Interview with HR Expert: Staying Agile in the Future of Work
April 26, 2023
By Shatabdi Mazumdar
Post-COVID, innovation in organizational practices has become more prevalent. The pandemic has forced organizations to change their workforce, work patterns, and locations. Deloitte's Fast 50 CEO poll found that flexibility and agility in the workplace have increased the availability and benefits of diverse talent pools.
The ability to build an agile workforce can be a critical competitive differentiator for a company.
To implement modern and digital strategies, businesses need skilled, on-demand talent. In spite of traditional difficulties, a growing number of workforce staffing solutions have made utilizing flexible talent easier than ever for companies.
But, how do you build an agile workforce? What are some of the challenges and what would be the notable trends in the workplace of tomorrow? We talked with an expert Sandeep Chanana, Regional Head of Operations & HR at CM.com, to help understand these impending questions and their possible solutions.
L: With everyone exposed to more options for working, what are the obstacles leaders face while building an agile workforce and how should they overcome them?
S: Today, agility can suggest different things: cutting down headcount, or reskilling and upskilling people, or adopting different workforce models- could be a hybrid model, could be a third party model or a different recruitment model. But I think cross-functional delivery is something which is possibly making us more agile because of the scope for more learning.
At an initial stage, building agility can be met with some roadblocks. The most significant agile adoption barriers include inconsistencies in processes and practices, followed by, cultural clashes, general organizational resistance to change, lack of skills and experience, absence of leadership participation, inadequate management support and sponsorship.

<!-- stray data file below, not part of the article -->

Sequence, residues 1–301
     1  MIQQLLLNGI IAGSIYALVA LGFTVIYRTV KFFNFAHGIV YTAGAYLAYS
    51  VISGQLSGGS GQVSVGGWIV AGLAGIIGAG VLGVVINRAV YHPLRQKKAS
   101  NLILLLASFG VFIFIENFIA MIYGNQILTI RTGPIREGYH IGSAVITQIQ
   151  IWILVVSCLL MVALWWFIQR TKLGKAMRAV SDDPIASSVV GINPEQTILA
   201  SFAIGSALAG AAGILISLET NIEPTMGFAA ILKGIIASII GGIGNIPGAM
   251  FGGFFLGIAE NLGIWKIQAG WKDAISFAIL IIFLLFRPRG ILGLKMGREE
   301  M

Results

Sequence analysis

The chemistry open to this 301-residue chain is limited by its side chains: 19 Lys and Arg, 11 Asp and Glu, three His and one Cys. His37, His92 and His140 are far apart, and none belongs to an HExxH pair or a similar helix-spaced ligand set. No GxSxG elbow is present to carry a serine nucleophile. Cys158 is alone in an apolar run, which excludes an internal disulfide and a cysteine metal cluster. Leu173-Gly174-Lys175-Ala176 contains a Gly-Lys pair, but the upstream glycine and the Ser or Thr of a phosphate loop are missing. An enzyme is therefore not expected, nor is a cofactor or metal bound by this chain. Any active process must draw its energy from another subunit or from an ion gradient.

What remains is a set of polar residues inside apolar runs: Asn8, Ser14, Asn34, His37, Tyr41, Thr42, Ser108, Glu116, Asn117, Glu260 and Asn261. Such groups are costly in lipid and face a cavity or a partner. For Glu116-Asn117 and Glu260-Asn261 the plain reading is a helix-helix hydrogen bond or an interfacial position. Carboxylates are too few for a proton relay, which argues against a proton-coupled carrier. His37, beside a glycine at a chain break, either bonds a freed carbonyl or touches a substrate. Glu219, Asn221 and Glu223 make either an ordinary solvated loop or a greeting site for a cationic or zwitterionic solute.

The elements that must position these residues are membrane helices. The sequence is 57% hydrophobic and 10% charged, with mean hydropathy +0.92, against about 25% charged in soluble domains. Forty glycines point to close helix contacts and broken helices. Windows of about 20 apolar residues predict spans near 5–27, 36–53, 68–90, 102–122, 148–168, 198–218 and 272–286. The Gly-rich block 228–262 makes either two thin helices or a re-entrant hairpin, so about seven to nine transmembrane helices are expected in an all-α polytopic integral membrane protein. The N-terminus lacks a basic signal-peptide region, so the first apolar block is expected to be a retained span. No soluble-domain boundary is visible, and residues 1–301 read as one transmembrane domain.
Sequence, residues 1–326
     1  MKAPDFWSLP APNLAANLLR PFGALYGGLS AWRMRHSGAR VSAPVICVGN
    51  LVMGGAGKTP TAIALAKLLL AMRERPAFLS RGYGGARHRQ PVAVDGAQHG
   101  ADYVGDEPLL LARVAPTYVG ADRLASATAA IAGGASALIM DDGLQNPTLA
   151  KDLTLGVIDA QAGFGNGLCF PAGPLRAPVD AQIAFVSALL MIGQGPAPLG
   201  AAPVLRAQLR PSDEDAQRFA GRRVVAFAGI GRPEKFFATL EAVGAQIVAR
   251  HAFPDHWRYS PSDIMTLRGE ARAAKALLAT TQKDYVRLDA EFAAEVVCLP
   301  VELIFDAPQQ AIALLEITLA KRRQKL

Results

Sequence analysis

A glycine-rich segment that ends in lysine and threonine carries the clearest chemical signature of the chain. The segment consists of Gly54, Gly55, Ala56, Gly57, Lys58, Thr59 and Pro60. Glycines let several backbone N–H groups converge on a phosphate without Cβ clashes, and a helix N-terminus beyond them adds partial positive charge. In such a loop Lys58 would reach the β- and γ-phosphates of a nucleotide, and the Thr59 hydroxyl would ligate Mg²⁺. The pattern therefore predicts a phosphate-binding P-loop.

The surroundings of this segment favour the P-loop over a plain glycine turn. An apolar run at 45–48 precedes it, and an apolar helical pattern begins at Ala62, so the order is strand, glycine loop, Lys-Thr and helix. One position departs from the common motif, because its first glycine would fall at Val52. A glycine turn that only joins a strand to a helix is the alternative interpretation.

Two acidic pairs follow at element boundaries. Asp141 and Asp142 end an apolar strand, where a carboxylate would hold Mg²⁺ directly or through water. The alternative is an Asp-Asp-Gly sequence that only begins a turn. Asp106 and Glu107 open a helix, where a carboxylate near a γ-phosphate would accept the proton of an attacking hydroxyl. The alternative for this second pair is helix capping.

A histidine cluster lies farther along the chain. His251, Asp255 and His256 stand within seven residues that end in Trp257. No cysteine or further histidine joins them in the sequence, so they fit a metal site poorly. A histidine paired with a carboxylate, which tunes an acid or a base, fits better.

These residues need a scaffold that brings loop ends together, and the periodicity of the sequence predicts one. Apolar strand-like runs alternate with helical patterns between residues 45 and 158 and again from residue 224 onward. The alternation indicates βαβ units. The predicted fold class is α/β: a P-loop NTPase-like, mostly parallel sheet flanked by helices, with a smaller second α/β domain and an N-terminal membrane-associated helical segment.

Picture Credits: Digital.ai | 15th State of Agile Report
Over time, certain practices have been identified as indicators of agile maturity. In addition to key activities like daily standups and retrospectives, sprint planning and reviews also play an important role in agile approaches, and kanban boards have emerged as a significant method of visualizing workflows.
L: How could leaders align diversity equity inclusion goals in promoting an agile workforce?
S: The first and foremost suggestion would be to incorporate employee feedback. Communicating the biases and how to manage the bias creates transparency within the organization. To promote agility and diversity, you need to be acceptable to diverse opinions. Cross-cultural teams, cross-functional teams cross-rotational teams should be encouraged.
Diversity Equity Inclusion (DEI) is a critical component of an agile transformation journey. DEI and agile transformation require organizations to conduct assessments or audits to provide a data-driven understanding of their current state.e, at Lynk also recommend a company-wide employee feedback survey and address the outcome in terms of challenges faced.
When building DEI strategies, demographics across operating markets, domains, and sectors should be taken into account. It will help identify which practices, policies, and programs need to be emphasized, along with insights into which ones should be prioritized.
L: How should businesses manage talent among the market uncertainties and global economic crisis?
S: That's where technology came into play. The last two years have taught us diversification with a lot of businesses starting to move teams globally, and a lot of flexible options coming into play. For me, I would highlight 4 points: diversification as one; remote and hybrid culture being the second; moonlighting being acceptable as the third; and lastly skills.
The economic crisis can hinder the smooth running of an organization, but workforce agility platforms can help it adapt and thrive. Organizations need to position their employees to be productive and take on new roles and projects when it hires fewer people. Employees should be supported to expand their skills multi-dimensionally in turn helping to minimize the company’s overall talent acquisition costs.
L: Lastly, how do you see the future of work?
S: It's going to be very fluid. It's going to be less focused on functions and more focused on business values. Plus, the flexible options whether it be moonlighting, short-term projects or part-time projects are the kind of models that are going to live.
Speed and flexibility are the two most urgent reasons to adopt agile.
GenZ and millennials are seeking more flexible ways to work and businesses are embracing contingency work to improve efficiency; just adopting agile methods without deep understanding won’t transform your organization. In addition, the agile shift has its challenges, which, if not addressed correctly, will inevitably lead to a structural crackdown. As the infrastructure of the future of work, Lynk can help to build your agile workforce.
Learn how Lynk helps businesses build the talent network they need, and individuals unlock opportunities here.